Katie Yeager is a woman breaking multiple stereotypes. She is contributing to Kansas City's entrepreneurial spirit and making money along the way.
Yeager rarely stops moving. At the age of 28 she owns a real estate brokerage firm doing $19 million in business in one year alone.
"I don't think I knew I was going to start a real estate company, but I had to start a company," she said.
The burning passion for self-sufficiency ignited for Yeager when she attended Babson College in Massachusetts. Known for churning out entrepreneurs, Yeager said starting a business came naturally.
"There's already students a year ahead of me who have sold their company for millions of dollars. So instead of it being unusual for someone to go out and be an entrepreneur, it's like, ‘oh yeah, it's just what you do,'" she said.
Even Yeager's parents took it well when she decided to leave her job with a top American company to come back to Kansas City.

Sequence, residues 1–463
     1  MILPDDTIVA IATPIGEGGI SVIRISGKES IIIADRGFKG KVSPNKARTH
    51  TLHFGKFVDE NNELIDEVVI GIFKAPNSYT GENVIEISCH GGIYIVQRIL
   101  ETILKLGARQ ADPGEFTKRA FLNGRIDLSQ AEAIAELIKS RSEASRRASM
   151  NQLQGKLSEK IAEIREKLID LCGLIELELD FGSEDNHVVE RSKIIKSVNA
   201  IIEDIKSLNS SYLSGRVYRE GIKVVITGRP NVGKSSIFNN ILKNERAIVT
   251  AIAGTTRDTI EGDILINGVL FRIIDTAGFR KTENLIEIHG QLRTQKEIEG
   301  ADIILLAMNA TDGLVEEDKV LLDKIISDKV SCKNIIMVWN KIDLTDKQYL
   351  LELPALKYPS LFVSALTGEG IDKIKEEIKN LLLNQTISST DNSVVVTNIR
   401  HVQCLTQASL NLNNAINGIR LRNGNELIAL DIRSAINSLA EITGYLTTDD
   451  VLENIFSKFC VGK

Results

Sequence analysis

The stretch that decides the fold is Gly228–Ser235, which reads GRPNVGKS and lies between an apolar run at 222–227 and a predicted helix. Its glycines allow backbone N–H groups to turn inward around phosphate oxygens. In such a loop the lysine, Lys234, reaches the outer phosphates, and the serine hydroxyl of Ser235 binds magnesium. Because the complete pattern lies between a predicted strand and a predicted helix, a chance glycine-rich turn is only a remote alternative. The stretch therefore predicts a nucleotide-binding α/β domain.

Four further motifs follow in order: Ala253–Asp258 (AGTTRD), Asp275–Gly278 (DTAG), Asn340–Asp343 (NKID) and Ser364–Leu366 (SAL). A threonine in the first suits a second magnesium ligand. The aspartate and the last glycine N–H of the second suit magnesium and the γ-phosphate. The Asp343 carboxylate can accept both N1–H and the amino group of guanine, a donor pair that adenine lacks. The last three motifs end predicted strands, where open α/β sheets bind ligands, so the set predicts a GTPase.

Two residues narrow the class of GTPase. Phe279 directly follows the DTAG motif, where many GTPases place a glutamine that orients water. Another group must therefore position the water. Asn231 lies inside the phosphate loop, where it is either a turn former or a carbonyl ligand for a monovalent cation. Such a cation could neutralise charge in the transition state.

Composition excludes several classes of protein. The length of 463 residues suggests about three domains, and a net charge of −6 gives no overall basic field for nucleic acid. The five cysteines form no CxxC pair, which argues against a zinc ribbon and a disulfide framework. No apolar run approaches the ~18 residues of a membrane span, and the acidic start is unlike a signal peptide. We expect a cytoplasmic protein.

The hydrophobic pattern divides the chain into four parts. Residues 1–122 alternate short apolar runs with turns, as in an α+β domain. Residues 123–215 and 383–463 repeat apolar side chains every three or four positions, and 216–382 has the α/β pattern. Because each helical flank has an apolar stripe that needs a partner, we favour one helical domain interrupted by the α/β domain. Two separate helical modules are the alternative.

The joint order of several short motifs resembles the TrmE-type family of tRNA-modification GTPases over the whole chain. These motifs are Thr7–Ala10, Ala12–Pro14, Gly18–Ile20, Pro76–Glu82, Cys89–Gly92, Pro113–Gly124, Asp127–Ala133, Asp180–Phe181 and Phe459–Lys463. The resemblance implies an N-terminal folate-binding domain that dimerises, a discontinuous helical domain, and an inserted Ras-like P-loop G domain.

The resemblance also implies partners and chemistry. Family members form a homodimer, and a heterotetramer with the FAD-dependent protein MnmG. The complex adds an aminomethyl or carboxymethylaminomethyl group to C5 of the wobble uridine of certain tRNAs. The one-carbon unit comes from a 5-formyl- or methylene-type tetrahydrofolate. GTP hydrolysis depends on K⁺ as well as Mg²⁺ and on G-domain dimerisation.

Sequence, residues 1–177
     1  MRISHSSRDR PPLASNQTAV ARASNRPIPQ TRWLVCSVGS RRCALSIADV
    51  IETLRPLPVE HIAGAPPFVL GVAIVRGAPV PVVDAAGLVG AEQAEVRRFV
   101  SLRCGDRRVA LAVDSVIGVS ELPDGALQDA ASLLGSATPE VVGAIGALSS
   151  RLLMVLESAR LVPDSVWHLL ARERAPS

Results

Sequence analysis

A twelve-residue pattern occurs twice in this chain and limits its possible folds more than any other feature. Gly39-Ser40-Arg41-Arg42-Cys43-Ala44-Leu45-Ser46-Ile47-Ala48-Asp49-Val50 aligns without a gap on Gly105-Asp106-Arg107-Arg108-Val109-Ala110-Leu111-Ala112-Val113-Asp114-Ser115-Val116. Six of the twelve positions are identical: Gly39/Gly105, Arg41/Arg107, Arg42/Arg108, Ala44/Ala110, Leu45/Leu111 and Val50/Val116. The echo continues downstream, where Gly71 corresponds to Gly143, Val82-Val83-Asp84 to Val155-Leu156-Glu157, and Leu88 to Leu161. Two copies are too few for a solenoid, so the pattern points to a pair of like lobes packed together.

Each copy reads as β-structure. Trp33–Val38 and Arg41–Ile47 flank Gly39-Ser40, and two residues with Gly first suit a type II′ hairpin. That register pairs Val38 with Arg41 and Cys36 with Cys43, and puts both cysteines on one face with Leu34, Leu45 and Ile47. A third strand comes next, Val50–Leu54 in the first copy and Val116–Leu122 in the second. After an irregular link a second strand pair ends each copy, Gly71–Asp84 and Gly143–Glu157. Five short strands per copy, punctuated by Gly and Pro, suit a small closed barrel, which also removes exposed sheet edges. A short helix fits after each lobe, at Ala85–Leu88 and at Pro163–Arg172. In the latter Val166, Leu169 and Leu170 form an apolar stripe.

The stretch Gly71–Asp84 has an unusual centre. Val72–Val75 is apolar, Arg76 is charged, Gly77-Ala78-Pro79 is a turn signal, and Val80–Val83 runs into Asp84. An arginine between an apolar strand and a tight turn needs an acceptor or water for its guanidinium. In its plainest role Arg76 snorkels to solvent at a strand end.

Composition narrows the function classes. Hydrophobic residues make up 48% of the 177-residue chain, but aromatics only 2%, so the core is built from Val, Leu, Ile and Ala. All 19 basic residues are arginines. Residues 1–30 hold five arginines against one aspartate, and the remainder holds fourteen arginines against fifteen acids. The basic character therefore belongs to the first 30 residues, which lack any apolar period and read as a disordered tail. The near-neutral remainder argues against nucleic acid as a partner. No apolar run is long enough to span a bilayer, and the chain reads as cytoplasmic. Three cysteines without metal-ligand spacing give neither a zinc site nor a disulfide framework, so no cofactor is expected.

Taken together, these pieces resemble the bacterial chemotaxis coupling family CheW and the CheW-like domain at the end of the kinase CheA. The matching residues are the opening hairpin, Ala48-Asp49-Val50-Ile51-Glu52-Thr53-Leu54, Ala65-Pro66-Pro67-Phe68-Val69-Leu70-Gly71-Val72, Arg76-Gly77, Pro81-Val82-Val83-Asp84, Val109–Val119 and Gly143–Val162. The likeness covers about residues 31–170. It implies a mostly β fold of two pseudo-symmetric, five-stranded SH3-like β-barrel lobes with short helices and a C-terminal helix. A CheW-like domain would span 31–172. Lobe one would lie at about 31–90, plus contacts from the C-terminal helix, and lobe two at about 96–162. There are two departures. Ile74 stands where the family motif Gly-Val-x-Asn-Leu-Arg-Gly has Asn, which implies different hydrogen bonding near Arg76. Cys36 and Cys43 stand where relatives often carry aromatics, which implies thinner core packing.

"When people invest a lot of money into their child's education, not everyone would be okay with their daughter saying 'by the way, I want to quit my Fortune 100 job, come home, and by the way, can I have my old room back while I start up a business?' And my parents were supportive of that," she said.
After getting her real estate license and working for a big firm for a couple of years, Yeager felt the time had come for a change of pace. She decided to found Your Future Address from her home with her sister as an assistant. It's a full-service agency with a flat fee concept and, on average, clients pay less than a four percent commission.
"I tried to see where the difference was in value, and I noticed you can still provide full-service and charge less, as long as you're producing high volume, so it was something I wanted to do," she said.
Yeager is also able to offer the flat fee because she has little overhead in her office.
"I've always tried to focus on spending money on the things that count, and trying to do away with maybe the extras that would be nice, but are more for ego reasons than necessity," she said.
Your Future Address is in its second year, but already Yeager is looking toward the future.
"Once I have four to five company locations up and running, then my goal would be to license or franchise out the models so people can open their own in their own respective cities," she said.
When asked if she gets any flack for being young and female and owning her own company, Yeager says the best way to silence the critics is to simply outsell them.
Copyright 2014 KCTV (Meredith Corp.) All rights reserved
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